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Stories and Voices of Irish Immigrants Shared with Support of BNHA Operational Grant

March 16 2017

On quiet Lemmon Street, in the shadow of the B&O Railroad Museum’s roundhouse, are two modest rowhomes that stand as a memorial to the Irish immigrants who came to Baltimore during the mid-1800s. The Irish Railroad Workers Museum shares the immigrants’ struggles in Ireland during the potato famine, their journey to the United States, and their new lives in Baltimore.

In 2014, the museum was one of five small non-profit organizations to receive operating support funds through BNHA’s Heritage Investment Grant Program. Operational support grants strategically target modest funding to stabilize small organizations and afford them the ability to build a foundation for future success. The museum used $5,000 in grant funds to support its effort to transition from all-volunteer to professional staffing, conduct bus tours in southwest Baltimore, and perform much needed marketing and outreach.

“Our Heritage Investment grant has been a key in our transformation. Our board of directors was very hands-on, but the Irish Railroad Workers Museum needed a committed director to consistently present the story of our immigrant ancestors to our expanding audience of local, regional and national visitors,” said Luke McCusker, the museum’s managing director. “Our attendance doubled, and our place among Baltimore’s museum attractions has been secured.”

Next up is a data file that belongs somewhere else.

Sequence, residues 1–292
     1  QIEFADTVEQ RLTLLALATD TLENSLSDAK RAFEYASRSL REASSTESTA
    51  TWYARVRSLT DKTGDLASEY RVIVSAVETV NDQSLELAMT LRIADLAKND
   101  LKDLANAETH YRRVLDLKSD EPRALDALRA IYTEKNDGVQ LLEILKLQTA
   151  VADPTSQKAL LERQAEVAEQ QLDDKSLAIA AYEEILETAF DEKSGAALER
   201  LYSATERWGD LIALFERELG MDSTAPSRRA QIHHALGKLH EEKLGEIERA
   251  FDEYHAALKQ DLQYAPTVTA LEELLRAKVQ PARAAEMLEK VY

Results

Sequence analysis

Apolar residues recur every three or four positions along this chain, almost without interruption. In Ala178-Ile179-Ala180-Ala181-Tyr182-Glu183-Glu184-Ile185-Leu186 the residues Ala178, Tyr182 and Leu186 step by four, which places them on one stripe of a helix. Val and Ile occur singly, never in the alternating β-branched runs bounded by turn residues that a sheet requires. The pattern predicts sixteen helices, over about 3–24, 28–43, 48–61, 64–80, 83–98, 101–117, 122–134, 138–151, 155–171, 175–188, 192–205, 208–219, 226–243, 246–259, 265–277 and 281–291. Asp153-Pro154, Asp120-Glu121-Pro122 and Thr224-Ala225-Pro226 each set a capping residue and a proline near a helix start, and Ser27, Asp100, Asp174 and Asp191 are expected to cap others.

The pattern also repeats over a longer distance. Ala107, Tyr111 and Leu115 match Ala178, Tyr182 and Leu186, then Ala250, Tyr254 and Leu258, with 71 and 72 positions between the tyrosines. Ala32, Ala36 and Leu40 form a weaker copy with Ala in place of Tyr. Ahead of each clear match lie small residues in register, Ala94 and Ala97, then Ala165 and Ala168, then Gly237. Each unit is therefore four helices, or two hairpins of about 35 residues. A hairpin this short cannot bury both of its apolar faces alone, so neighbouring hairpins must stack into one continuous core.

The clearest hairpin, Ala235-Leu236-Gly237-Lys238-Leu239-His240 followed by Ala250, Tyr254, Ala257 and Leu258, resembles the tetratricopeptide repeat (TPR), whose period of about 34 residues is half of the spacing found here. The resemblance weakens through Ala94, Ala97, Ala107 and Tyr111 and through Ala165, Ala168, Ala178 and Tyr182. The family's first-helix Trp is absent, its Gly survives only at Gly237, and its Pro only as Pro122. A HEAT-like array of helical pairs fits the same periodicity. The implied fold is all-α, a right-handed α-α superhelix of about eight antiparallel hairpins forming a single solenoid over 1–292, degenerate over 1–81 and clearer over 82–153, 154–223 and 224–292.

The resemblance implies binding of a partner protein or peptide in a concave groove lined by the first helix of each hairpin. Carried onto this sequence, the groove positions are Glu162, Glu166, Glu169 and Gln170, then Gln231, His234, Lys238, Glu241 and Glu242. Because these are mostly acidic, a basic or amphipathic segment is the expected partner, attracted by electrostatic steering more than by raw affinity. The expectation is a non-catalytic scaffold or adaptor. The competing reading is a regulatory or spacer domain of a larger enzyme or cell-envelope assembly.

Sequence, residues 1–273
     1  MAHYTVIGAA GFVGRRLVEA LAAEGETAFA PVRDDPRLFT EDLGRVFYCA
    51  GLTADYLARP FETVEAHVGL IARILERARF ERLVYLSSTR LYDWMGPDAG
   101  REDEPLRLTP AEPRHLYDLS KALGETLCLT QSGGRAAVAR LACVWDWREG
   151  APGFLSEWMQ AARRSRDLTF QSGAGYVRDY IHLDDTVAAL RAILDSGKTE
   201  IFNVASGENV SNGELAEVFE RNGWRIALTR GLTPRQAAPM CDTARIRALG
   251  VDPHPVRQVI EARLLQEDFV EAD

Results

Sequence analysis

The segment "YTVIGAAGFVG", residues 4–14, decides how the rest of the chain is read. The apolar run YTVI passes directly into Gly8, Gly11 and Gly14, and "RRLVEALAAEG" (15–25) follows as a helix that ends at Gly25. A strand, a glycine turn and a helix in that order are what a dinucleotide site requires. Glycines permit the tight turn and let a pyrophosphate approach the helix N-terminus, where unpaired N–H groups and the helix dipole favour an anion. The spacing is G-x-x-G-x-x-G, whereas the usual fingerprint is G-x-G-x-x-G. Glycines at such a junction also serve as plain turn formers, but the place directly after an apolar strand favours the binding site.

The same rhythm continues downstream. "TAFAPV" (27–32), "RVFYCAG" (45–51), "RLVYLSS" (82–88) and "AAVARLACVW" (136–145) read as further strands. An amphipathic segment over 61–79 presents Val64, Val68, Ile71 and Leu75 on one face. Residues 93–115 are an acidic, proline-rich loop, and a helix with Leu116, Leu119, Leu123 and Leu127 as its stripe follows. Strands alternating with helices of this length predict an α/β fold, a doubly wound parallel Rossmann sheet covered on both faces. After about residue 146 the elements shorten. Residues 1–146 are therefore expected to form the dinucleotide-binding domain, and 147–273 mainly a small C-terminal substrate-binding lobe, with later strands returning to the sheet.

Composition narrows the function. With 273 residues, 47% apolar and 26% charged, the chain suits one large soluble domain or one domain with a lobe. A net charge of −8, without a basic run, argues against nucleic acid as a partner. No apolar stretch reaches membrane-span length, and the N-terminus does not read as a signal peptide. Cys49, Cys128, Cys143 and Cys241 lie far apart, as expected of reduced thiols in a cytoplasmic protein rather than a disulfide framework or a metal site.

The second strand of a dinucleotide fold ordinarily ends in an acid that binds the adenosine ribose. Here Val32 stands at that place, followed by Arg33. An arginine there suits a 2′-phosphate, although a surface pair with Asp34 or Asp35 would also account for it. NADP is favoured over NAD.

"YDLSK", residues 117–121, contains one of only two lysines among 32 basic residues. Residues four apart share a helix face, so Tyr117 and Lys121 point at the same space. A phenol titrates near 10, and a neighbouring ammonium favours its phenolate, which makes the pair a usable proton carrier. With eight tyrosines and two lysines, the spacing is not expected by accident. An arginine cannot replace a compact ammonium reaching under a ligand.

The Irish Railroad Workers Museum consisits of two modest rowhomes on Lemmon Street. The home at 918 Lemmon Street was home to James and Sarah Feely from 1863 to 1883; much of the interior is intact and provides an interesting glimpse into everyday life in the mid-1800s.


As Baltimore and the nation celebrates its ties to Ireland and the Irish people who made a new home in the United States, there’s no better time to take a look into the lives of those who came here for a new beginning. The Irish Railroad Workers Museum is open for visitors Friday and Saturday from 11 am – 2 pm, and Sunday from 1 pm – 4 pm. Docents are available for museum tours and to answer questions, and the museum visit includes a wonderful video documenting Baltimore Irish history. Visit the museum’s website for more information and check out the impressive Second Saturday events scheduled through May 2017.

To find out how you can support these critical grant programs AND have fun this April, visit HistoryIsADrag.com.

The next grant cycle for the heritage area’s Heritage Investment Grants will open in spring 2017. Visit our grants page for more information on this grant program as well as our Small Capital and Maryland Heritage Areas Authority grants.

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